The Register-Herald, Beckley, West Virginia

Local News

June 4, 2014

W.Va. jail authority discusses safety, cost with officials

Local and state lawmakers attend

BECKLEY — The West Virginia Regional Jail and Correctional Facility Authority met with local and state lawmakers and officials at Southern Regional Jail in Beaver Tuesday to discuss public safety roles and the resulting costs.

WVRJCFA Executive Director Joe DeLong reported that there are currently an average of 557 inmates per day incarcerated at SRJ, which is 6,741 admissions per year at a cost of $48.25 per day, or $8.5 million per year.

The average daily rate of admissions is 18.

DeLong said that a plan started nine months ago and implemented systematically in the 10 regional jails across the state has reduced employee training costs, risks and inmate litigation since its inception.

Censuring a state law that allows mandatory overtime for correctional officers, DeLong explained that requiring that practice has led to employee burn-out and an employee turnover rate of 50 percent annually in the jail system.

The high turnover rate leads to additional training costs, and the excessive overtime leads to employee “burn-out,” which in turn increases risks inside the jail.

A statewide initiative that redefined pay periods to allow employees to have every other weekend off resulted in a $239,000 decrease of overtime spending at SRJ from July 2013 through March 2014, DeLong reported.

As part of the change, 15 jobs were added at SRJ.

“It’s costing us eight less positions to add 15 more bodies,” he observed.

Once the new initiative is fully implemented, a total of 150 jobs will be added to state regional jails  and will result in a savings of $3.3 million annually, DeLong reported.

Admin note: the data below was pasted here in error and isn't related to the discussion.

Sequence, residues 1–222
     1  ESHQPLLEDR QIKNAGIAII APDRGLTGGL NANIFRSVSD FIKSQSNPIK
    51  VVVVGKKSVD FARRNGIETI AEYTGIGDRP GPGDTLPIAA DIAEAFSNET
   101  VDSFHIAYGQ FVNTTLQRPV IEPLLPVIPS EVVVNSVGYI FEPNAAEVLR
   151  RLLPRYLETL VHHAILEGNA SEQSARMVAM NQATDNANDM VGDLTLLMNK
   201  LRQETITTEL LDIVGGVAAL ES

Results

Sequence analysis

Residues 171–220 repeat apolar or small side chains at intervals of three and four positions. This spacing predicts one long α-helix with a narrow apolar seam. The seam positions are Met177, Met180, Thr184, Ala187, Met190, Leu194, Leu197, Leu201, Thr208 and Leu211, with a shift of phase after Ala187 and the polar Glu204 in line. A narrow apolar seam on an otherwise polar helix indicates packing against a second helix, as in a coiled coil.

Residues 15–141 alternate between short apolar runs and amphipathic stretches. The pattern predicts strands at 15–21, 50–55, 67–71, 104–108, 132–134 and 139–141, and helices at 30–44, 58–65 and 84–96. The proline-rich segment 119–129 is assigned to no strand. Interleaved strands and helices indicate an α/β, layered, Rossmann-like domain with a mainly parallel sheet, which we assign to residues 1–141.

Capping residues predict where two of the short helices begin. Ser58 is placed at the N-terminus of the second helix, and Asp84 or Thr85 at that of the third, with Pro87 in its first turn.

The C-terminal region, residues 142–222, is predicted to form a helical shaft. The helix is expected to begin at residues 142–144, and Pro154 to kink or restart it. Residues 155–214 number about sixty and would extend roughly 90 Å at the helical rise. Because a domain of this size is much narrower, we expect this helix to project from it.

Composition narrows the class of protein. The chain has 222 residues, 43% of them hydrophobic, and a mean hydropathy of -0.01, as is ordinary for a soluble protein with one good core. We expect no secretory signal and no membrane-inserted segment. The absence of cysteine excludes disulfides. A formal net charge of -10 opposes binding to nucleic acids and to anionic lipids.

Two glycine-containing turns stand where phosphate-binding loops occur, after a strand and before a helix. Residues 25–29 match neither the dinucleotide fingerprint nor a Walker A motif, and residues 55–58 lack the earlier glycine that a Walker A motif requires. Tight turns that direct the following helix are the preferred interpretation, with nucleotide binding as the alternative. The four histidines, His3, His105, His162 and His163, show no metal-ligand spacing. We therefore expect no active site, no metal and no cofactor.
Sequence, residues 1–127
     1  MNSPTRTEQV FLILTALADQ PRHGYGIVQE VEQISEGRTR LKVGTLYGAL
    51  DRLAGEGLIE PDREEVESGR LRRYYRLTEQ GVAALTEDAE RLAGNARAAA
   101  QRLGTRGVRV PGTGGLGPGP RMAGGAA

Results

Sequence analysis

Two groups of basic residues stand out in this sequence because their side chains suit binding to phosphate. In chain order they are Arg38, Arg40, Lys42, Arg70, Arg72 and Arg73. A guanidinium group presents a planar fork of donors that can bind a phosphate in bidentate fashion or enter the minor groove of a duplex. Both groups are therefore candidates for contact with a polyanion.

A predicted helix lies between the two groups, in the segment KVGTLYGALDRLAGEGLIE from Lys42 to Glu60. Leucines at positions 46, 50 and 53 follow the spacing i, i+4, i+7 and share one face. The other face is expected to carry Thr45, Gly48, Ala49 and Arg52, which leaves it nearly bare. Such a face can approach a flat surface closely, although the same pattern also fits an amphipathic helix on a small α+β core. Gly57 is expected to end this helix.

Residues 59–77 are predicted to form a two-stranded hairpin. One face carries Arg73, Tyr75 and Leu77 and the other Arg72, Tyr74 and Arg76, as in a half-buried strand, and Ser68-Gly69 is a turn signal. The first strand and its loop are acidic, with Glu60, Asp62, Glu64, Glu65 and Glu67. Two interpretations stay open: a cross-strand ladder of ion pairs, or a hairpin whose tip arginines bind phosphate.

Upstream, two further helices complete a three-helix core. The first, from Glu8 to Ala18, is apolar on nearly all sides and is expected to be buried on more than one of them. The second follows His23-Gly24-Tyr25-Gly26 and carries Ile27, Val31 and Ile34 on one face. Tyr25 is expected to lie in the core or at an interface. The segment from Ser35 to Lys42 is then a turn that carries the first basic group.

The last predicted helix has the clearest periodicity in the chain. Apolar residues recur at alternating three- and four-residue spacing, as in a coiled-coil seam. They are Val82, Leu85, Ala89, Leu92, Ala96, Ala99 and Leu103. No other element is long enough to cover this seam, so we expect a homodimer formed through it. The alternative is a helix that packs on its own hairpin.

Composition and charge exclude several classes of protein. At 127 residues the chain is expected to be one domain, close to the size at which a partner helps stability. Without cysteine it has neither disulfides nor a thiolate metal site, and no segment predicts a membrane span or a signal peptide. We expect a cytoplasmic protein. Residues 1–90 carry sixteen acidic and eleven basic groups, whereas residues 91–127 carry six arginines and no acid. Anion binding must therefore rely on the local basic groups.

P-card spending, or charges to employees’ state spending account cards, was reduced by $2.1 million, or 48 percent, by more diligent internal bookkeeping.

DeLong reported that sexual harassment claims filed by prisoners against officers has increased in recent years and that the jail system has usually paid settlements rather than fight the claims in court, due to a lack of legal resources.

To decrease the instances of such cases being filed, DeLong said, the jail system implemented the federal Prison Rape Elimination Act and added surveillance cameras in order to decrease the instances of allegedly false claims being filed.

The daily, or “per diem,” cost of housing an inmate was decreased $897,000 statewide, and federal inmate revenue was increased statewide by $581,000  due to more assertive contracts negotiations, he reported.

Adding one pay telephone to each pod in the state jail system raised $361,000, said DeLong, and cut down on risks of physical altercations since prisoners had more telephone access.

DeLong said lawmakers could help counties raise jail monies by making sure county prosecutors “do their best” to collect court fees and by passing legislation that would allow the regional jail board members to make spending decisions that impact their regions.

He added that if the Legislature would give the WVRJA the authority to place reserve funds into low-risk investments — instead of the 1 percent yielding fund that is currently mandated — the jail system could see at least 17 percent returns, which would be million of dollars in revenue.

“This is something I ask for support on,” DeLong told lawmakers. “We just need the Legislature to give us the authority to invest.

“It’s almost irresponsible to leave that money sitting at a 1 percent return.”

DeLong said he would like to see legislative policies that allow jail employees to have grievance rights but to give authority to the regional jail boards to make salary decisions and “to work within our own budget and be more efficient ... and reward our staff without asking for one penny from a taxpayer to do it.”

He said the Regional Jail Authority is currently set up as a “private sector, publicly-traded institution that has bureaucracy in the way and is costing us money.”

He added that state correctional officers remain among the lowest-paid in the nation.

Delegate Linda Sumner, R-Raleigh, said safety and pay issues for correctional officers are immediate concerns.

She added she’s encouraged by DeLong’s report on the changes made in the state’s regional jail system.

“I can see an improvement,” said Sumner.

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